Friday, 7 December 2007

A.W.A.D. - Miscellaineous Words

Order is good. Mostly. It makes sure that the earth will go around the sun in the same way as it has in the past and bring summer to ripen the mangoes. Patterns are good too -- most of the time. They help us find our shoes easily among an array of other pairs.

But if we stick too much to the same order and pattern, we lose. We lose the opportunity to discover new lands, new paths, new flowers, new ways (and new words!). Sometimes the break in order is by choice and at times it's forced, as when you lose a job. Often it's a blessing in disguise. It's an opportunity to explore and discover what remained hidden on the old path.

This week's words have no order, pattern, or theme. They just are. But they're all interesting.

vilipend
(VIL-uh-pend) verb tr.
1. To treat someone with contempt.
2. To disparage.

[From Old French vilipender, from Latin vilipendere, from vilis (cheap, worthless) + pendere (to consider). The words vilify, vile, revile, and venal are all cousins of this word.]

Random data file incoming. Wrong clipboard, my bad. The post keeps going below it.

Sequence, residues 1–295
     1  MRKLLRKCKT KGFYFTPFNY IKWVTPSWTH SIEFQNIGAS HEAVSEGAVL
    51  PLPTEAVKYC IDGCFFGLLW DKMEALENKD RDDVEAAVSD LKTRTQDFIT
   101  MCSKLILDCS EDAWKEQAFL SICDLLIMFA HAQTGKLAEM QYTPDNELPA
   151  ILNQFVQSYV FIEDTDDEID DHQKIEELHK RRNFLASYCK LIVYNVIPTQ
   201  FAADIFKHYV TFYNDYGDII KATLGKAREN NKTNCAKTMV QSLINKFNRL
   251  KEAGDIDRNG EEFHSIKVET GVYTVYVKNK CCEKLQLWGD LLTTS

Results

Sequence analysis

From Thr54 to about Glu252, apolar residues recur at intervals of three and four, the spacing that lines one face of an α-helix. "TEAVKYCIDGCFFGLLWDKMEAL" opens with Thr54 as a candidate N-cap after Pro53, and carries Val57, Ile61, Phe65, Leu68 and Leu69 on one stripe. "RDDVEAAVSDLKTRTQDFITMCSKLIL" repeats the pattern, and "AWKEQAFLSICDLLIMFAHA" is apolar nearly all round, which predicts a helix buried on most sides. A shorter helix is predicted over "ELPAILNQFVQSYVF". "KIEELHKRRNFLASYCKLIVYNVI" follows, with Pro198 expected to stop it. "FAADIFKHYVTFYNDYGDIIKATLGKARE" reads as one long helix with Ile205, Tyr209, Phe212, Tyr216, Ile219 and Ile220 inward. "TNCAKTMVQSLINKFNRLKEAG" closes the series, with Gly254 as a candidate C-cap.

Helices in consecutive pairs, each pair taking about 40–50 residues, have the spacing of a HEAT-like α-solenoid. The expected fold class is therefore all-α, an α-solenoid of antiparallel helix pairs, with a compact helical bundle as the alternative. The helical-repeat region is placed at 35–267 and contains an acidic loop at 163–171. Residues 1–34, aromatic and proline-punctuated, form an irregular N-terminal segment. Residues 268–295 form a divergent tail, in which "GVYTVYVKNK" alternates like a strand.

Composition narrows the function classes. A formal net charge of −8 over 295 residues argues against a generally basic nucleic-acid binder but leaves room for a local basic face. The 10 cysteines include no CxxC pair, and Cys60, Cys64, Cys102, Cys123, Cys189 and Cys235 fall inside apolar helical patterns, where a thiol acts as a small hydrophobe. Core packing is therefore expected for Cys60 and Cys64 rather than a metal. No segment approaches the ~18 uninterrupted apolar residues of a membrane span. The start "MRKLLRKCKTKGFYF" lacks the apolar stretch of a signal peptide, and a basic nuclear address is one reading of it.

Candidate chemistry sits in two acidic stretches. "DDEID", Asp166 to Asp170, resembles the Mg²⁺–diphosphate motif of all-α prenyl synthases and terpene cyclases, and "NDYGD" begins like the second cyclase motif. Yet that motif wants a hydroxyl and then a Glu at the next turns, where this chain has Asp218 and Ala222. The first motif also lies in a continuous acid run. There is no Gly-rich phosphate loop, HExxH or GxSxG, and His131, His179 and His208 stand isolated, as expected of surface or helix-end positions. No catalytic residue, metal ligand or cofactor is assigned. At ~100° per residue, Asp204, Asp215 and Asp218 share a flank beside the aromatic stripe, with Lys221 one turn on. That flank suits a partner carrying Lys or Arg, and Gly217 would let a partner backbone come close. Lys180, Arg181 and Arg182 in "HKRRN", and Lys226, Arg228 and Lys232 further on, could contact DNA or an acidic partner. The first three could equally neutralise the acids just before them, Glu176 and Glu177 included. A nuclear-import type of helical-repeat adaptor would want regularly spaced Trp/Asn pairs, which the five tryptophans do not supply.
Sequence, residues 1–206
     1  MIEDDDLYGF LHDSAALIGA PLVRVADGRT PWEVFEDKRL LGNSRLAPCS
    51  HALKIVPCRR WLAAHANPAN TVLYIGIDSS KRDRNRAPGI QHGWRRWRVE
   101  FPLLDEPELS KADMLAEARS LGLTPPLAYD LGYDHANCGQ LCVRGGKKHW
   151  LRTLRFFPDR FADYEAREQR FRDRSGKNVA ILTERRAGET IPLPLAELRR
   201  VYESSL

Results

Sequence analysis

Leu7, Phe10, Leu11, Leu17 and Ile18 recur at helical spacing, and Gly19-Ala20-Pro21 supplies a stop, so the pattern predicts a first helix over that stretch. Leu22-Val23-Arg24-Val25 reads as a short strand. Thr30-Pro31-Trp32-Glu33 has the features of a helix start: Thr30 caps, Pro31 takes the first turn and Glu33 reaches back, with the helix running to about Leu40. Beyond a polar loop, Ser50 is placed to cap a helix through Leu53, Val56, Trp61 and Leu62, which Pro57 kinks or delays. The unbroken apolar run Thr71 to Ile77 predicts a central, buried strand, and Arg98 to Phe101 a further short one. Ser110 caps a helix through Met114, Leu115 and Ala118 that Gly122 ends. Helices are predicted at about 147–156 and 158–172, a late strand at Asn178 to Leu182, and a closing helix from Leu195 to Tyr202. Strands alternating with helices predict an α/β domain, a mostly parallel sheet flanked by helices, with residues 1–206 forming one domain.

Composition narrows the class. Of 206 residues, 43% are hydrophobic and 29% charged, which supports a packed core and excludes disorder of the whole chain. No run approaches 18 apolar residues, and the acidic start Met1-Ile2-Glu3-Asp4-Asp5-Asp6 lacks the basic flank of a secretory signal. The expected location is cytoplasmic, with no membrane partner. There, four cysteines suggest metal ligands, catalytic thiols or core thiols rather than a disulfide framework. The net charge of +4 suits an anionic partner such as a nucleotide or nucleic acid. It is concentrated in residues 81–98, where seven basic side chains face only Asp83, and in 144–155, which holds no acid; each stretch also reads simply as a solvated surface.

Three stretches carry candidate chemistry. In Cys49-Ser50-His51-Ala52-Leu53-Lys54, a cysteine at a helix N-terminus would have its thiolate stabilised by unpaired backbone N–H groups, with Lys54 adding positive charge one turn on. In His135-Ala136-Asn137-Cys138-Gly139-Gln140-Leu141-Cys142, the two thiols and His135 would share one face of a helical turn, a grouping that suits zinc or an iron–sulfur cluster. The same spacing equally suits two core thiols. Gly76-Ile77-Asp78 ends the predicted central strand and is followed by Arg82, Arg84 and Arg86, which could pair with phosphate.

adscititious
(ad-si-TISH-uhs) adjective
Derived from outside; external; additional.

[From Latin adscitus, past participle of adsciscere (to admit or adopt), from ad- (toward) + sciscere (to seek to know), from scire (to know). Ultimately from the Indo-European root skei- (to cut or split) that also gave us schism, ski, and shin.]

interpellate
(in-tuhr-PEL-ayt) verb tr.
To question formally, an official, a member of government, etc.

[From Latin interpellatus, past participle of interpellare (to interrupt), from inter- (between) + pellare (to thrust).]

serotine
(SER-uh-tin, -tyn) adjective
Late in occurring, forming, or flowering.
noun
A small brown bat
(Eptesicus serotinus) native of Europe and Asia (named after its habit of appearing late in the evening).

[From Latin serotinus (belated), from serus (late).]

superficies
(soo-puhr-FISH-ee-eez) noun
Outer surface or appearance of something or someone.

[From Latin superficies, from super (over, above) + facies (form, face), from facere (to make or do). Ultimately from the Indo-European root dhe- (to set or put) that is also the source of do, deed, factory, fashion, face, rectify, defeat, sacrifice, satisfy, Sanskrit sandhi (literally,joining), Urdu purdah (literally, veil or curtain), and Russian duma (council).]

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